The former leader of one of Los Angeles' prominent "paisley underground" bands and his new femme fatale have made the L.A. record that has drawing the most attention in the alternative/college rock world at large. But Mazzy Star isn't the only Southern California band that's been busy in the studio. Pop Beat's alternative-rock edition focuses today on independent releases by Southern California performers, rated on a scale of one star (poor) to five (a classic).
*** 1/2 Mazzy Star, "She Hangs Brightly," Rough Trade. Through the early '80s, David Roback led the Rain Parade on a quixotic quest to restore some of the values of psychedelia to contemporary rock. Leaving that to others, he then teamed with the Dream Syndicate's Kendra Smith in Opal, establishing an aesthetic centered on moody atmospheres and haunting female vocals.
Mazzy Star is more in the Opal tradition: austere country blues with Velvet Underground bloodlines (one guitar solo practically quotes the Velvets' "I'll Be Your Mirror"). Singer Hope Sandoval isn't quite Nico: Her cool detachment rarely translates as aloofness. Electric or acoustic, the settings are stripped down to basics--often just a guitar strum, bass cushion and tambourine timekeeping. A juiced-up Cowboy Junkies for the Bohemian set, Mazzy Star sustains a dark beauty.
*** Swamp Zombies, "Scratch and Sniff Car Crash," Doctor Dream. These Orange County cutups' beatnik-folk-punk is sometimes abrasive, but it ultimately yields an authentic and affecting depiction of the uncertain emotional geography between the stages of schoolboy and young man. Setting its context in the Southern California youth/rock world, it has the real flavor of living this life in this specific place (not to mention the literally real aroma of burned rubber promised by the title).
** 3D Picnic, "Dirt," Earth Music/Cargo. Someone must have told this L.A. band that it should stay unpredictable by emphasizing variety. That's true to a point, but it's self-defeating when it leaves you with no identity. This unfocused collection is a long march through punk, folk, country and pop terrain with little in the way of memorable words or sounds, and the thin lead vocals often adopt that warbling, smarty inflection that afflicted so much "new wave" music back in the late '70s. When they don't try so hard, the group shows some possibilities. But they're usually trying too hard.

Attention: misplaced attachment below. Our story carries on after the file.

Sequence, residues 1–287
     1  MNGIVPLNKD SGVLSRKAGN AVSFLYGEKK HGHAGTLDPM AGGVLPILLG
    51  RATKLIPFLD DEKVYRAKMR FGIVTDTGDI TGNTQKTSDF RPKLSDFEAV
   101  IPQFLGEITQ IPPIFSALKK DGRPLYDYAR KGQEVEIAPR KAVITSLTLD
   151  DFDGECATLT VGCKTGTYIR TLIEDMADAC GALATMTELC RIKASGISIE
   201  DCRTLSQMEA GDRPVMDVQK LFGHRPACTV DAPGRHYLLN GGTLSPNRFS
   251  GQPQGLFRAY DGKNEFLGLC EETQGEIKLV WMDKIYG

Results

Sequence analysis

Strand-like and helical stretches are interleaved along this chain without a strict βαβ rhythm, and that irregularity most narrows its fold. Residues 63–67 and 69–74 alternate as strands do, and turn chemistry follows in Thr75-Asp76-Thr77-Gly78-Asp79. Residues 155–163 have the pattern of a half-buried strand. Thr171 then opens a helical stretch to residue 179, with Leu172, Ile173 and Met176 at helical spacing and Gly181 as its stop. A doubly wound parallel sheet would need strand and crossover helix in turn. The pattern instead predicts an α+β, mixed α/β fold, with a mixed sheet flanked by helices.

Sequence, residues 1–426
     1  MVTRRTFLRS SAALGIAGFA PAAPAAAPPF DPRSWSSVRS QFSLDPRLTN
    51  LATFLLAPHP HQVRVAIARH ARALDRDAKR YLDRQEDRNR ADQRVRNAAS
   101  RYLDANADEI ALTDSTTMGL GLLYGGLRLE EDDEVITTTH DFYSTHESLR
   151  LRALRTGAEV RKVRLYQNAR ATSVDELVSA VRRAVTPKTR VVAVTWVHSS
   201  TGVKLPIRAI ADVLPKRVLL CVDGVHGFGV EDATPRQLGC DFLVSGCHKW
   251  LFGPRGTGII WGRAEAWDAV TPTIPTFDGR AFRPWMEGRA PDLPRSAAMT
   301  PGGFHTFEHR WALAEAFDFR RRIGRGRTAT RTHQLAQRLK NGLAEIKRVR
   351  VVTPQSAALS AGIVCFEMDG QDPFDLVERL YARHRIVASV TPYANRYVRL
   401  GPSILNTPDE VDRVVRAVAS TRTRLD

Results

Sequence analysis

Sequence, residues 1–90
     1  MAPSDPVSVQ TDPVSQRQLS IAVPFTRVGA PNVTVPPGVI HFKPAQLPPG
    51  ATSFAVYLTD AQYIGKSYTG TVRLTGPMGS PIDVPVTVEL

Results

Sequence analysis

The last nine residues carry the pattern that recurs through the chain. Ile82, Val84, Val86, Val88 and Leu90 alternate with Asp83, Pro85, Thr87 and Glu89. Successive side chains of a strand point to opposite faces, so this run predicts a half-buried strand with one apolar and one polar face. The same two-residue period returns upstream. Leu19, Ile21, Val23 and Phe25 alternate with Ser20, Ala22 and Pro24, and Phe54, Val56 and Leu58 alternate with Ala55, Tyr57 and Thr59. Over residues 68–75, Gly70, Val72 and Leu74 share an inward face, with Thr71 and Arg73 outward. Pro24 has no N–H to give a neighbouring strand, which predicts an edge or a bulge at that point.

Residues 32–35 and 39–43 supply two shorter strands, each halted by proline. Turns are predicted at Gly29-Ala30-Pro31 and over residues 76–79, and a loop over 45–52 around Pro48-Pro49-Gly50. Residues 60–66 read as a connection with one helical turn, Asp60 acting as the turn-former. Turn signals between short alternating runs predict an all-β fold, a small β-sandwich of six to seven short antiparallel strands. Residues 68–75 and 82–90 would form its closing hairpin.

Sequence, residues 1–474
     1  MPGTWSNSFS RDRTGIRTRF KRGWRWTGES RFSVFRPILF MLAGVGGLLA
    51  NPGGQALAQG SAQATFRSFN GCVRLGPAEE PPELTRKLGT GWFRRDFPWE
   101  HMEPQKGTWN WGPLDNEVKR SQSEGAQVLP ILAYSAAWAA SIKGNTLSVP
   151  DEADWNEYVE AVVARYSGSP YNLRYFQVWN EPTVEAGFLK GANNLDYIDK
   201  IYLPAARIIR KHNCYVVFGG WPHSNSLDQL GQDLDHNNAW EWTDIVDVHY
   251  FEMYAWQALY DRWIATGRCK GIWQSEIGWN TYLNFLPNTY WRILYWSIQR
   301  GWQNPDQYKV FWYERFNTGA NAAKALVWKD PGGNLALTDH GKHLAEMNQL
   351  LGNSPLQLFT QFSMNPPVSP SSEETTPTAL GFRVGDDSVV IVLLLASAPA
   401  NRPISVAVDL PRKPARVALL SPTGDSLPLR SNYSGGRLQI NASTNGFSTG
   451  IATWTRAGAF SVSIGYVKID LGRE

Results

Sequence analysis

* 1/2 Christine in the Attic, "Christine in the Attic," Christine in the Attic. Beware of fledgling bands in the hands of "superstar" producers. Englishman Ken Scott's career encompasses greatness (David Bowie's "Hunky Dory") and infamy (Missing Persons), and his heavy hand on this five-song, 23-minute collection is more reminiscent of the latter's crassness than the former's artistry. With huge, throbbing, crashing, orchestral arrangements framing Christine Russell's theatrical, aggressive rock vocals, it's so preoccupied with being right that it lacks all personality and spirit.
** 1/2 Clay Idols, "Falling Down Backwards," Genius. Chamber folk-rock for the Bruce Hornsby crowd? The L.A. band makes it sound like a good idea through much of this album, which is marked by a sparkling sound and an ornate weave of guitars, strings and voices. Steven Schayer's gruff voice--a bit Bruce Springsteen and a lot Richie Havens--is convincing in small doses as he delivers lyrics obliquely evocative of emotional distress. But over the course of a whole album it becomes overly dominant and self-absorbed.
** Nick Pyzow Band, "Adobe & Diamonds," AsFab. The singer-songwriter is painfully earnest, some of his folk/country/rock is agreeable enough, and he displays some decent songwriting craft. But Pyzow's dry voice is way too expressionless to do anything memorable with his lyrics, and the whole undertaking bespeaks journeyman competence.